treatment center or however it is to relocate them, but that has not happened at all. maybe this will result in something with greater sort of change ability, and i think that there has been enough evidence here to help support some next steps potentially, but that kind -- that is kind of the junction we are at. we appreciate everything that rec and park is trying to navigate around its budget deficits, etc., as well as department of environment and thinking forward about its recycling goals, but some of it does not pan out in its justification for removing the recycling center, and if there is a better plan to do so, then that plan needs to be presented. i am more than happy to continue to keep an open mind on this and have any discussions with city departments and the mayor's office, as it stands, about the evolution of this idea, and thank you, colleagues, for your indulgence, for this first time hearing.
supervisor mar: i just wanted to thank supervisor mirkarimi for calling this hearing, but especially the many residents and supporters of the environment and haight ashbury neighborhood center, hanc recycling center, and so much history of that has been brought in four hours we have been here. helps us understand how much work has been done within the rec and park department and the department of the environment as well. i wanted to thank our general manager never won for being here. especially the new department of the environment head. thank you so much for the great presentations, and i guess, mr. yee as well. i've been using the recycling center for over 20 years. like many people, i see the human element that has been mentioned in the commons, and i think wayne wiley, one of the 10 employees, his comments about how the recycling center does not just recycle materials, but
it is about recycling people, and the 10 green jobs that have been developed over the years and $1.5 million that has brought back to the city in supporting our economy is something that is really important, of couple of richmond district residents that in buyer -- acknowledged and the emergence of recycling center movements in the city are really neighborhood-based, and this is a shining example, a nationwide example, as someone said, that shines nationally as one of the key community-based recycling centers. i would like to see the rec and park department find another location for the community gardens. because i strongly support community gardens. but i know there is again many acres within the golden gate park area, including the mcclaren large, that hopefully you could look at more carefully. and you could look at the representatives to talk about the process that went through, but i really think it needs to be a more transparent process,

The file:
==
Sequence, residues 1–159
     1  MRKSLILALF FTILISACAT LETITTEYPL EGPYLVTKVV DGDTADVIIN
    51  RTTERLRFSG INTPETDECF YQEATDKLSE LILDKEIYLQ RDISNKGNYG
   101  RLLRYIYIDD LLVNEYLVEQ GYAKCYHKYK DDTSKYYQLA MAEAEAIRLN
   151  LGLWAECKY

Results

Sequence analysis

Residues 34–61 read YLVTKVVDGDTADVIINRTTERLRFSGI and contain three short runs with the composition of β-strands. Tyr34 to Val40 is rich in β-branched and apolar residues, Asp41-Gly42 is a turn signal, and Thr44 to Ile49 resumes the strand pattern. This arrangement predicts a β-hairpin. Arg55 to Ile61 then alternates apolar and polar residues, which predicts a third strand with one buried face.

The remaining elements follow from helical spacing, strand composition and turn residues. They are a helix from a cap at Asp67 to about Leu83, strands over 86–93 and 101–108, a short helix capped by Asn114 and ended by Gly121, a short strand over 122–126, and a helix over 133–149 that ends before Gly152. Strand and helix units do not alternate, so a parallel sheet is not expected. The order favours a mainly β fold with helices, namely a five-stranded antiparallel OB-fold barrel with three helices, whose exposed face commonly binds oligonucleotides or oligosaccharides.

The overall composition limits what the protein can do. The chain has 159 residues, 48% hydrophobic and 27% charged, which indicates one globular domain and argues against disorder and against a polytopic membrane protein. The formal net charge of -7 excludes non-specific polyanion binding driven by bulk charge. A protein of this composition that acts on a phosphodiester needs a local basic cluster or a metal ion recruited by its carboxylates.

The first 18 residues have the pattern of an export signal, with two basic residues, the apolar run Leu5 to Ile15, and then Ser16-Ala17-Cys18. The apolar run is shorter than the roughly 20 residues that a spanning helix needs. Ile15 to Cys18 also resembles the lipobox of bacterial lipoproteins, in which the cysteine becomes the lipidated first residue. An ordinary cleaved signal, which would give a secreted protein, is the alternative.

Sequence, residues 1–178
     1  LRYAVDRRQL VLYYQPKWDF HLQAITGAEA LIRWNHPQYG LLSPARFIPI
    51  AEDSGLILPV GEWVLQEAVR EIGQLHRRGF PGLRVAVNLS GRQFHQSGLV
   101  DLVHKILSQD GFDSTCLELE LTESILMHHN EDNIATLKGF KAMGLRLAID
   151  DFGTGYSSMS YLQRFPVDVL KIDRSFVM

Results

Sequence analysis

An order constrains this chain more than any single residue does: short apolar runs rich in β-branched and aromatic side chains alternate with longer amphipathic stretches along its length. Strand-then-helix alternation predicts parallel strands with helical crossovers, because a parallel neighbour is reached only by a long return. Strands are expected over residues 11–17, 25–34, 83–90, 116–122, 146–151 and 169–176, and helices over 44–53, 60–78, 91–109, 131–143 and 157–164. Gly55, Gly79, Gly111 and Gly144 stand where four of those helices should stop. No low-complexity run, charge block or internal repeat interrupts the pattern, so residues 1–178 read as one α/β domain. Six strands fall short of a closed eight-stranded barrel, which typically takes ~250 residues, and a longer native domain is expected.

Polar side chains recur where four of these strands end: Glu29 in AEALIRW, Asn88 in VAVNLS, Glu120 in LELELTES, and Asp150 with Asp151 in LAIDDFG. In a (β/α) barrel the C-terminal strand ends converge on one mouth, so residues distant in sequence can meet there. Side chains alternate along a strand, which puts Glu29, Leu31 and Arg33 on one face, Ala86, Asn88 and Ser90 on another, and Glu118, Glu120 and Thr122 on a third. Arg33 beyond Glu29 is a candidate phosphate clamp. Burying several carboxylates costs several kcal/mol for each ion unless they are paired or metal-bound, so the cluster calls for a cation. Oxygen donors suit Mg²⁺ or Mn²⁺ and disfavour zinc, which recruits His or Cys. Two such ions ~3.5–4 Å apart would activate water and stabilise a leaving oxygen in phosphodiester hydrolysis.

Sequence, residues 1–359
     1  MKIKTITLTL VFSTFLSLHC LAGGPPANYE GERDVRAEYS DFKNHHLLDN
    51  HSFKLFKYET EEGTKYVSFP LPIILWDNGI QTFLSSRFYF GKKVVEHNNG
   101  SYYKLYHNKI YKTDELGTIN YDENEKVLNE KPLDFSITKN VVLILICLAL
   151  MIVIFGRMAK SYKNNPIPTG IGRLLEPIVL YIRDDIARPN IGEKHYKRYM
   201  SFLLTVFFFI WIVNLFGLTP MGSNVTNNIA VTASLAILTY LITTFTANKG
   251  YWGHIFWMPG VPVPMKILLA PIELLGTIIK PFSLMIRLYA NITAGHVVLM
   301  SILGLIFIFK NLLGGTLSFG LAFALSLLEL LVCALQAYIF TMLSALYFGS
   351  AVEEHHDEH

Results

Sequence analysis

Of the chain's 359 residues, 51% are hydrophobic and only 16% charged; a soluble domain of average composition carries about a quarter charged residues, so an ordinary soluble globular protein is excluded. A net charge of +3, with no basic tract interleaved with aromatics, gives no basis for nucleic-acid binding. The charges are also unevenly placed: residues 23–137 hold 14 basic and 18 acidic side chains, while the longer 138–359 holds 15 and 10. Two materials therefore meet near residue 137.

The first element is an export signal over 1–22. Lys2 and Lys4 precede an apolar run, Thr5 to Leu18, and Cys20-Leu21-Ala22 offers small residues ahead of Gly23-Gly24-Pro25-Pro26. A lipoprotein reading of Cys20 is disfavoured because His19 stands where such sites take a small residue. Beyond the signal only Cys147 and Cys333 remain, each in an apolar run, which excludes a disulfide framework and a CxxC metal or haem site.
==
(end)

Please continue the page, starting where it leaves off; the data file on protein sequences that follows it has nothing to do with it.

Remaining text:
as many people have run up, before a land use decisions are made. lastly, i just wanted to sum up by saying a couple of the speakers also acknowledged the importance of hanc as an community growing place, and i guess it was again wayne talking about his family and children and learning cantonese and spanish and for talking with many of the richmond district recyclers that always come back to the recycling center, it is a multi-cultural place that really is valuable for the city, so i look forward to working with you to insure that we do not ebit the haight ashbury recycling center -- we do not evict the haight ashbury recycling center. thank you to everyone for being here, and i really appreciate the education as well. thank you. [applause]
supervisor avalos: thank you. i want to thank you for this hearing on this subject, and i thank all the members of the community for coming out and voicing your concerns. supervisor, would you like this to be -- supervisor mirkarimi: continue to the call of the chair. supervisor avalos: without objection, continue to the call of the chair, and we will recess this meeting unt 7:09 supervisor avalos: love as in the air. my name is supervisor john avalos, chair of the city operations and neighborhoods services committee.
supervisor david campos is with us, and he has sponsored today's resolution and hearing. please call item 3. >> item 3, a resolution urging the san francisco municipal transportation agency to adopt changes to the youth lifeline discount fastpass program for qualified low-income youth. supervisor avalos: 90. supervisor campos will get to run this part of the meeting. -- thank you. supervisor campos: thank you. happy valentine's day. i think it is only appropriate that we are holding this hearing on valentine's day, and i wanted thank the members of the committee who have come out to this hearing. i see at least one member of the board of education. we have all been impacted by the tough economy, and as we know
here in san francisco, as of november last year, the unemployment rate was 9.6%. this economic downturn has been especially difficult on low- income children. the number of public servants qualifying for free and reduced lunch has actually increased from 54% in 2008, 2009 to 61% in the 2010-2011 school year. just to put some perspective on those numbers, to qualify for free and reduced lunch, a student has to live in a household with income below 130% of the poverty line. that means that to qualify, you have, for a family of four, you're talking about income of $28,665 a year. you can imagine how difficult it would be for that family to survive here in san francisco. in may last year, the mta
increase the price of the muni fastpass by 100% from $10 to $20, and even though that may not seem like a large amount for some families coming you can see how for some families, especially a low-income family, that would be a significant increase, and that increase was made without any special consideration made for low- income children that could not afford the increased air. was in recognition of those challenges that supervisor mirkarimi interest in resolution urging the sfmta to create a discounted fast fast for low- income youth. that resolution, i've had to say, passed unanimously, and the board of directors approved the creation of that program. to that end, they dedicated $1.4 million of the mta budget to the youth lifeline